Backgrounder to Chinglin Summer English Tutoring Program

- a peer tutoring program organized by Maplewood and Hon Wah Middle School



What is Peer Tutoring?


PEER TUTORING is an organized learning process by which a student volunteer, with minimal training and with a teacher or an adult’s guidance, serves as the tutor and helps one or more students at the same grade level learn in schoolwork or in a certain skill.


Help – Share – Connect


The goal of the Chinglin Summer English Tutoring Program as a community service program is to proactively foster a willingness to help and to share one’s talents, and develop a sense of responsibility and deeper connection to the local community in Hong Kong.


We believe community service should form an integral part of a high school student’s education in which the student can learn the importance of thinking with both intellect and heart.


Students are urged to venture beyond their immediate communities and to participate in outreach and increase their knowledge and understanding of those different from themselves.


Program evaluation


Student Tutor: A Program Reflection Journal is strongly recommended for gaining the fullest experience out of the program. At least 20 hours worth of your sessions should be documented in the student tutor’s diary/reflection journal. Sessions should be documented in a handwritten or typed reflective log that discusses the challenges and rewards of each session. Each entry should be at least one substantial paragraph.


Tutor-Tutee Discussion: To strengthen the Tutor-Tutee relationship and to build a sense of shared ownership of the tutoring process, tutees meet together with tutors to reflect on their joint tutoring experiences. All are given the opportunity to share their feelings and thoughts about the tutoring process and expand their understanding of learning through peer tutoring.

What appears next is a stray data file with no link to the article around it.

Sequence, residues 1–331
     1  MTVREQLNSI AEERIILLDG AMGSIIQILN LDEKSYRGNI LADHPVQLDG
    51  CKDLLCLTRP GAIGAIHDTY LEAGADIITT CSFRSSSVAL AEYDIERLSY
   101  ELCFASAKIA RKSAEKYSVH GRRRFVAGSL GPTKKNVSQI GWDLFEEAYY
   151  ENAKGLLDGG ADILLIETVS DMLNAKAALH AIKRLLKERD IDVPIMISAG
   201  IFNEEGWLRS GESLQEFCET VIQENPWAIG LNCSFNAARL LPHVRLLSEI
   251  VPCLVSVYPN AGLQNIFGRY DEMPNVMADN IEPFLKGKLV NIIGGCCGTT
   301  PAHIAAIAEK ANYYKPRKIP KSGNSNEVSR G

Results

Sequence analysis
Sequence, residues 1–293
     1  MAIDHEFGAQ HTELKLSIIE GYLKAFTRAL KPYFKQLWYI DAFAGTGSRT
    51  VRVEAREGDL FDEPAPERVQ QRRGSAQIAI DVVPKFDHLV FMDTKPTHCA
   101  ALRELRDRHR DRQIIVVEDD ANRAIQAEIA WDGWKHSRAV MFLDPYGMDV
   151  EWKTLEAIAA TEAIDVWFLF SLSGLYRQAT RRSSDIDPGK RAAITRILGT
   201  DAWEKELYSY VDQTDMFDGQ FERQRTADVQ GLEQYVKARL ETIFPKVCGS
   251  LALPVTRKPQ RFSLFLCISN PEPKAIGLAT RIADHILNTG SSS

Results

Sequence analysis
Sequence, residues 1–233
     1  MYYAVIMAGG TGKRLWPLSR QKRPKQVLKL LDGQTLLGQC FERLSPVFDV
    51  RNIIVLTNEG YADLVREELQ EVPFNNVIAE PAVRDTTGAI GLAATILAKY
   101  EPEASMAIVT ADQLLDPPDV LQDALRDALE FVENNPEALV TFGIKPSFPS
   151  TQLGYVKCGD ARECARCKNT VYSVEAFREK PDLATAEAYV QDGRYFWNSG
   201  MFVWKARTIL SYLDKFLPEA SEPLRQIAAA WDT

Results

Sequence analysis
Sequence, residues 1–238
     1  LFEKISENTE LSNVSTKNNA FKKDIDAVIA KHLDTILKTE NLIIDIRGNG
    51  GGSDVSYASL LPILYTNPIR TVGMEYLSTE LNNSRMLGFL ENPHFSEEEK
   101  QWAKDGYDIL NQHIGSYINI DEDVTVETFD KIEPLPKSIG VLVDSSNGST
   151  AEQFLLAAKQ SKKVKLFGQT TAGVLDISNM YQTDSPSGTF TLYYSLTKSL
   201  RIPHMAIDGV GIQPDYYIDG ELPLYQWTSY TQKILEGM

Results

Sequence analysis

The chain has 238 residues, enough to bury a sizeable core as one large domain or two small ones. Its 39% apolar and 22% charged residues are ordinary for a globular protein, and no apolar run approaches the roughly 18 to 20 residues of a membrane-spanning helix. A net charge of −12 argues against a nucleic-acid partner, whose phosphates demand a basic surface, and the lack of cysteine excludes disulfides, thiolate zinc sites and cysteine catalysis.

Benefits of Peer Tutoring


Both tutors and students benefit. According to education research, peer relationships contribute to social and cognitive development and socialization. Learning, friendship, and social growth are often positive outcomes.


This approach to tutoring provides students with an opportunity to use their knowledge in a meaningful, social fashion. Peer tutors reinforce their own learning process by reviewing and reformulating their knowledge. Tutors retain and understand what they teach better than non-tutors. Tutees receive the opportunity for skill development in a non-threatening context.


Both tutors and tutees gain self-confidence - the tutor by seeing self-competence in his or her ability to help their peers and the tutee by receiving positive reinforcement from peers.


Tutors will learn how to listen and communicate effectively, and perhaps most important, they will learn about learning.



Effective Peer Tutoring Program – Some Random Notes


Empathy – Tutors and students must relate to one another to achieve common goals. See how you can work out a program of learning together. Let students realize they have a say in their tutoring program. Build and maintain a collaborative relationship. The tutor is a leader in this cooperative learning group.


Communication skills - listening, speaking


Quality desired - respect, patience, compassion, humility, discipline